Salt Dough Christmas decorations. Fun for the kids of all ages.
Salt dough is a favourite for most kids (and grown ups!). Making salt dough Christmas decorations is my all time favourite.
This weekend my daughter, grandsons and me all made this years Christmas decorations for the tree, and we had hours of fun doing it. Even my two year old grandson had fun cutting figures and getting covered in paint.
I’ve seen salt dough recipes on line, but I thought I would give you the recipe here so that you don’t have to go searching for it. Salt dough can be used for all sorts of model making, but Christmas decorations is a family favourite in my house.
Two cups of plain flour (I’m not sure what this is called in other countries but here in the UK it is just called ‘plain flour’.)
One cup of salt
One cup of water
Mix all the ingredients in a mixing bowl to form a dough, use extra flour if it is too sticky but be careful, you don’t want it too dry either.
Cover the dough with a dry cloth and leave to stand for about half an hour before use.
We use cookie cutters most of the time, but I have made my own decorations and models too. If you do not have cookie cutters then try cutting shapes from card board, they will work just as well, but you might have to help the little one’s with their cutting.
You can either air dry your decorations and models, which will take about two to three days for Christmas tree decorations made with cookie cutters, or oven dry, which will take a few hours.
To oven dry set your oven to … 100 degrees C (200 F) or ¼ for Gas.
Before putting them in the oven don’t forget to make holes in the tops for string or thread to hang them on the tree with. We used a lolly stick, which was safe for the boys to use themselves, but you could use a knitting needle if the children don’t mind you making holes for them.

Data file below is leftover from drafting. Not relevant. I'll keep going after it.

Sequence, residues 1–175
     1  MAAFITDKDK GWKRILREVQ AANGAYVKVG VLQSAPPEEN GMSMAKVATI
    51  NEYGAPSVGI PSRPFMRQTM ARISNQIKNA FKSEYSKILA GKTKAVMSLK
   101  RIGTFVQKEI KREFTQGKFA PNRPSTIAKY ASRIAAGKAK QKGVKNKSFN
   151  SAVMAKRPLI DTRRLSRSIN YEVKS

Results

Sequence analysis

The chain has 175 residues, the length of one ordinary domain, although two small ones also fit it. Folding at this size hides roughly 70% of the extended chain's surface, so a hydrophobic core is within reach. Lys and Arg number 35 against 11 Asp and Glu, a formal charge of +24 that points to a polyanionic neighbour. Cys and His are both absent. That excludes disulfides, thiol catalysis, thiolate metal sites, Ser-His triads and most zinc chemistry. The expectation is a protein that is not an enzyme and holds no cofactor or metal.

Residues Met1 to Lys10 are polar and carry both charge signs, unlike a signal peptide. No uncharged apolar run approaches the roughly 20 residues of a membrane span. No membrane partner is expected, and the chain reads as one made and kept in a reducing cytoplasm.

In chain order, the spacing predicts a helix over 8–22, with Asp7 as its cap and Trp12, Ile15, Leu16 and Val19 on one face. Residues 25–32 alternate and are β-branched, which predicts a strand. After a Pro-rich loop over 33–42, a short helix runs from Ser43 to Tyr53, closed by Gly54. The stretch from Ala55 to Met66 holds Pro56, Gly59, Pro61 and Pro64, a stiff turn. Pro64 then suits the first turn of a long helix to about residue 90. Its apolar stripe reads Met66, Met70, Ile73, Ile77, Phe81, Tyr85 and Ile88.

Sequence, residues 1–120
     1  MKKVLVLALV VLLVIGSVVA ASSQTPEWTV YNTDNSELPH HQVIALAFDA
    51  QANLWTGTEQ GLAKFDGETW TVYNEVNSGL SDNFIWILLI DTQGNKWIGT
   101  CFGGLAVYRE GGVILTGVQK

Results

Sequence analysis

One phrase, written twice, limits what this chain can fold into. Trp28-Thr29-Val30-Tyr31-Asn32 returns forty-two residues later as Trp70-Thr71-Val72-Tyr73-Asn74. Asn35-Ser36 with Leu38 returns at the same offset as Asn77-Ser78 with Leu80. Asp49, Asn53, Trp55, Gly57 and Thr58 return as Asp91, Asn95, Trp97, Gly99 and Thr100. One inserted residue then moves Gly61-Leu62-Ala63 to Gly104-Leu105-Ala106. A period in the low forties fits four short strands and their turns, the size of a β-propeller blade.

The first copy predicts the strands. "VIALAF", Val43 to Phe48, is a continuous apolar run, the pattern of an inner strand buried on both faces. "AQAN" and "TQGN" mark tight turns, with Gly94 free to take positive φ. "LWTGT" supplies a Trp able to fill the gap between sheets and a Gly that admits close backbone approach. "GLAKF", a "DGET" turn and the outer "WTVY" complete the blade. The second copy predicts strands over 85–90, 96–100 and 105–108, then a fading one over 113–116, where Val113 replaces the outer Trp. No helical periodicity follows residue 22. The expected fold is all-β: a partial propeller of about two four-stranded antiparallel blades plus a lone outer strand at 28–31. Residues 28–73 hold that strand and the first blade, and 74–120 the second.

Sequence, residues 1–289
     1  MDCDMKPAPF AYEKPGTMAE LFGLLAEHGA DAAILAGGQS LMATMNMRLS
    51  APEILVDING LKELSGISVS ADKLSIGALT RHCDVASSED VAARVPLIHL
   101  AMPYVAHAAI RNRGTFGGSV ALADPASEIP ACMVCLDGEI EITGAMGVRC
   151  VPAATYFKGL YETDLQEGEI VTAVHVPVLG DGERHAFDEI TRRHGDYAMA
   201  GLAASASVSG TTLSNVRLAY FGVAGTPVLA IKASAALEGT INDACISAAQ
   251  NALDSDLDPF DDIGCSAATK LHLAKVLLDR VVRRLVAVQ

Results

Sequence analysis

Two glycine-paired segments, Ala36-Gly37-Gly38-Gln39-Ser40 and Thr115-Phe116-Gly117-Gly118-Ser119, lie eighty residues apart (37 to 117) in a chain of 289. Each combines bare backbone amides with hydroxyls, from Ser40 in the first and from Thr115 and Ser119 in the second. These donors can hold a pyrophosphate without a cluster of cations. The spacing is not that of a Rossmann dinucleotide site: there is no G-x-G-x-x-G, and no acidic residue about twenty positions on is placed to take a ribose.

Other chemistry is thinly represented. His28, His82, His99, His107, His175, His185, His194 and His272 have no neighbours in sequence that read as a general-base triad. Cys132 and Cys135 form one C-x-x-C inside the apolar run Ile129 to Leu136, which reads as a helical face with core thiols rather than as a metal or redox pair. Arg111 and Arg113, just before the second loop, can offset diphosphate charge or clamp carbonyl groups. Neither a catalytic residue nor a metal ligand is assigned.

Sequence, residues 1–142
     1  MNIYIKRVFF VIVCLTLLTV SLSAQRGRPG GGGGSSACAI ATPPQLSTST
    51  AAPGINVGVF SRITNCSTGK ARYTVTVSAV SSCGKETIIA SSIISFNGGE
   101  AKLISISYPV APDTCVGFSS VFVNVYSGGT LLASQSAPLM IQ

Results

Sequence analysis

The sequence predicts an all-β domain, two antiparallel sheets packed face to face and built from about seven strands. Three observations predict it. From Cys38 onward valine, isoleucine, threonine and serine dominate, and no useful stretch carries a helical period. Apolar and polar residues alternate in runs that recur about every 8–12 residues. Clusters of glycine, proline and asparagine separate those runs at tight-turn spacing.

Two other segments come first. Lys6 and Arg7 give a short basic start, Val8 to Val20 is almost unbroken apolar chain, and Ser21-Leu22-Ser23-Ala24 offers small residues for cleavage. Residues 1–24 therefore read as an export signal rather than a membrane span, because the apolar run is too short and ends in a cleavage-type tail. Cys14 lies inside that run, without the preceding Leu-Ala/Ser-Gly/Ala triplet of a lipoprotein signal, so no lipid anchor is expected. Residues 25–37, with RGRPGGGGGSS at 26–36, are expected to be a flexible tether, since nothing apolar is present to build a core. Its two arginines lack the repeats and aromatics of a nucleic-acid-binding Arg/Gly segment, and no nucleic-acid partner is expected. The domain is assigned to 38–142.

Allow your models to dry for approx two to three hours in the oven.
Make sure you leave a small gap between your dec’s on the baking tray or they might stick together while drying.
When dry and cooled on a wire cooler they are ready to paint.
I’ve used acrylic paint and poster paint before now and with each I’ve had good results. You might need bigger brushes for the smaller children and finer one’s for the older children so that they can add more detail to their pieces.
Any wood varnish will work well but make sure you use a clear varnish, you don’t want to ruin your efforts with the wrong one now!
Don’t let small children use normal wood varnish. It isn’t child safe. You can get modelling varnish from most craft shops, but be sure to read the instructions no matter which you decide to use. A well ventilated room is a must either way.
Enjoy your Christmas decoration making and look out for my ‘Chocolate Fun Times’ post very soon.
This post has also been uploaded to my hubpages at trudychappell.hubpages